In message <m4aoB0HX...@roy.bailey.waitrose.com>, Roy Bailey
<ne...@waitrose.com> writes

--
Jason Hill

Mike Jones

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Apr 10, 2007, 3:39:52 PM4/10/07
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Ah, yes. Glad to hear they're still extant.

Christine

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Apr 10, 2007, 4:02:03 PM4/10/07
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In article <WxPSh.273$vV5...@newsfe5-win.ntli.net>,

Mike Jones <ad...@127.0.0.1> wrote:
> Are there any left any more? (I'm talking quaint old pubs still run by
> old families, not beautifully preserved/retained old features pubs).
> Can't be more than 5 in the country, with all the pub groups taking over
> now.

The Sun at Leintwardine, Herefordshire, sounds pretty well identical to
those already mentioned, and it was extant last year.

--
Christine Pampling

Dave Mayall

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Apr 11, 2007, 4:32:25 AM4/11/07
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"Roy Bailey" <ne...@waitrose.com> wrote in message
news:m4aoB0HX...@roy.bailey.waitrose.com...

Closed as a pub many years ago, and had been derelict for some years. There
have been a number of apparently abortive attempts at conversion into a pair
of houses over the years, which seem finally to have come to fruition.

When we went past on Sunday, the houses appeared finished but unoccupied.

Location - Immediately adjacent to the site of the former Swing Bridge
number 88. The derelict remains of the bridge were removed within the last 5
years, but the stonework remains. There is a traditional Gypsy-style caravan
on the opposite bank.


Roy Bailey

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Apr 11, 2007, 5:48:16 AM4/11/07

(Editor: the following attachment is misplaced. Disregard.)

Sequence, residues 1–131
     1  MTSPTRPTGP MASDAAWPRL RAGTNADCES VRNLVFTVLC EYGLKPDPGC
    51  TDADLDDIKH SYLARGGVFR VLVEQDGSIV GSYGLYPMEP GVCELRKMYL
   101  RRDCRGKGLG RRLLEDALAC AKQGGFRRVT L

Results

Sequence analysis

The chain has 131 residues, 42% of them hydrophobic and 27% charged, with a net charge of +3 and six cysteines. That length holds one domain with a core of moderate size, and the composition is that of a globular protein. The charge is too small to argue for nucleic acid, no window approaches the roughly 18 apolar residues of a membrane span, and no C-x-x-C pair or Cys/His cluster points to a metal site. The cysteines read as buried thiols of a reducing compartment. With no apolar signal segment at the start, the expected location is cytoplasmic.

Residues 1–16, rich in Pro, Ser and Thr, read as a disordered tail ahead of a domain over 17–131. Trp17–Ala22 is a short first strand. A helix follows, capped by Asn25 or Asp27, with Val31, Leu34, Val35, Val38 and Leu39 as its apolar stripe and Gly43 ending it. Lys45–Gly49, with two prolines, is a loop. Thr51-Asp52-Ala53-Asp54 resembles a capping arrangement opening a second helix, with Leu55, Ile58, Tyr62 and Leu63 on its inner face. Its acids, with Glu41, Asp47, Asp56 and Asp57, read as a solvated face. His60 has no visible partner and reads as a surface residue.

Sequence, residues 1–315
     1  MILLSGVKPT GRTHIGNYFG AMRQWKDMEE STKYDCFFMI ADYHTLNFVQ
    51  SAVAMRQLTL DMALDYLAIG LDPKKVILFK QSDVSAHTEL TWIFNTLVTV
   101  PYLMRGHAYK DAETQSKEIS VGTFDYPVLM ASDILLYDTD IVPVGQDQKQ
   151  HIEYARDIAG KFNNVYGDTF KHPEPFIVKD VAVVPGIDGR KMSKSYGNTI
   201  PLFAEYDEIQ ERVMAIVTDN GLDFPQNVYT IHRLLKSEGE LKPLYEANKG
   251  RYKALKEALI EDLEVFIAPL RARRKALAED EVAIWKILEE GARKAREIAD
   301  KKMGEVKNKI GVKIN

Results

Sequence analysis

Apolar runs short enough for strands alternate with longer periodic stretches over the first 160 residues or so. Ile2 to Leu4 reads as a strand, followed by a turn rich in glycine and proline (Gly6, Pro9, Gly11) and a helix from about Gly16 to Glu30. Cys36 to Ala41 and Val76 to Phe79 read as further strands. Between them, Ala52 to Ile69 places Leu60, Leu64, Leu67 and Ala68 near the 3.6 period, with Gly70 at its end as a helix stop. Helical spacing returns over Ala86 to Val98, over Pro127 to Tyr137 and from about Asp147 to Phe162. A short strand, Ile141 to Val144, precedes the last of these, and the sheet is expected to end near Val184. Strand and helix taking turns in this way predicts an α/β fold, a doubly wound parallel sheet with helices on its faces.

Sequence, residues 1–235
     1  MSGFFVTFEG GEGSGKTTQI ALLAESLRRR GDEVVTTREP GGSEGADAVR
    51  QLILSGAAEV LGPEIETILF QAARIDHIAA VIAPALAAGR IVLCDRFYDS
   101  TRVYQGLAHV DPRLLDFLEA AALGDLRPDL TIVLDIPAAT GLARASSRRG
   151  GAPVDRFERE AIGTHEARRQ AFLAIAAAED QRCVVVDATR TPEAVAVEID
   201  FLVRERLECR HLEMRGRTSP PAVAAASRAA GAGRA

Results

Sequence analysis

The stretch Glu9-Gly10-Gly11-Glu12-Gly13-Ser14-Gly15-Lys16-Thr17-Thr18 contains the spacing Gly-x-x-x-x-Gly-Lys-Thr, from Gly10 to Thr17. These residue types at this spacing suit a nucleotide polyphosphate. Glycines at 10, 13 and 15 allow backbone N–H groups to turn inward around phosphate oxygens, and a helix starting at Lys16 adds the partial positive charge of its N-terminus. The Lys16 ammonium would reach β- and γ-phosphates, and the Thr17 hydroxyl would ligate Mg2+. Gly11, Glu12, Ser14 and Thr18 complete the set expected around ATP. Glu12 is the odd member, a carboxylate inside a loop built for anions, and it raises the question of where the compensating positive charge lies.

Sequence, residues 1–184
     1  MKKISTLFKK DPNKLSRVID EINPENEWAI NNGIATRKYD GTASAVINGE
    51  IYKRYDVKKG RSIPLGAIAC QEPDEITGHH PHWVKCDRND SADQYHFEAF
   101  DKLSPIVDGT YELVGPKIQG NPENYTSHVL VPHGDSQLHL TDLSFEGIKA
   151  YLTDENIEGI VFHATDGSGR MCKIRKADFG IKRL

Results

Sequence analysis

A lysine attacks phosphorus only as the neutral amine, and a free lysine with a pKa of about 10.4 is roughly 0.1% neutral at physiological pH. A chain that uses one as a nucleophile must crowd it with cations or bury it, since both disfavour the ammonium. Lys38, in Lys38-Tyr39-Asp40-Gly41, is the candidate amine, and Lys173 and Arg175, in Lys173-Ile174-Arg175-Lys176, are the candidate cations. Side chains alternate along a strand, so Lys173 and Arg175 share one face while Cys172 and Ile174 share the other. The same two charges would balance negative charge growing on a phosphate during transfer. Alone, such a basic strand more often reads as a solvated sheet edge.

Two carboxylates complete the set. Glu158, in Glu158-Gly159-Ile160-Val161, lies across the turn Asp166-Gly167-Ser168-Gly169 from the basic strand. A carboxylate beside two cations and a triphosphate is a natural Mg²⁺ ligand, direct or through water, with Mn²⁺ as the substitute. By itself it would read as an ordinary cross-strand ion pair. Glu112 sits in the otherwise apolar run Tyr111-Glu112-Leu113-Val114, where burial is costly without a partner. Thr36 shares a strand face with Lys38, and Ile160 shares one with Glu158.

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Followup to: uk.food+drink.real-ale

In article <583moaF...@mid.individual.net>, Dave Mayall
<da...@research-group.co.uk> writes


>
>Closed as a pub many years ago, and had been derelict for some years. There
>have been a number of apparently abortive attempts at conversion into a pair
>of houses over the years, which seem finally to have come to fruition.
>
>When we went past on Sunday, the houses appeared finished but unoccupied.
>
>Location - Immediately adjacent to the site of the former Swing Bridge
>number 88. The derelict remains of the bridge were removed within the last 5
>years, but the stonework remains. There is a traditional Gypsy-style caravan
>on the opposite bank.
>

Thanks for this and all the other responses. There are several different
ones on uk.rec.waterways, who maintained a separate thread.

Mention of the 1973 'Nicholson's Real Ale Guide to the Waterways'
reminded me that I had a copy somewhere, and when I found it I also
discovered a copy of 'Waterside Pubs' by Ronald Russell (David and
Charles - 1974).

Not only does this contain a description of The Bird in Hand, but there
is also a good black-and-white photo. The licensee then was described
as, '... a man of decided views but always ready to listen to yours.'

MikeMcG also mentioned The Anchor, High Offley, Staffs, on the
Shropshire Union Canal. I visited that about 3 years ago, and thought it
was marvellous. I imagine the Bird in Hand must have been similar.

Roy.

Malcolm Lee

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Apr 11, 2007, 7:57:46 AM4/11/07
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Roy Bailey wrote:
> Followup to: uk.food+drink.real-ale
>
> [snip]

>
> Mention of the 1973 'Nicholson's Real Ale Guide to the Waterways'
> reminded me that I had a copy somewhere, and when I found it I also
> discovered a copy of 'Waterside Pubs' by Ronald Russell (David and
> Charles - 1974).
> [snip]


Roy (and everyone else interested in "proper" pubs),

If you haven't already got a copy (and can find one), I recommend

"The Quest For The Perfect Pub" by Nick & Charlie Hurt
ISBN 0-283-99807-5 (first published 1989)

It's an amusing tale of what must have been an epic pub crawl.
It covers about 300 pubs which are the "best" (in the sense
of unspoilt etc) that they found. Certainly all the 70 or
more that I've drank in over the past (too many) years are great pubs.

Unfortunately, the crawl was by car, so there's not too many
canal side pubs in the book.

Malcolm

Mike Jones

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Apr 11, 2007, 8:46:22 AM4/11/07
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Malcolm Lee wrote:
> Roy Bailey wrote: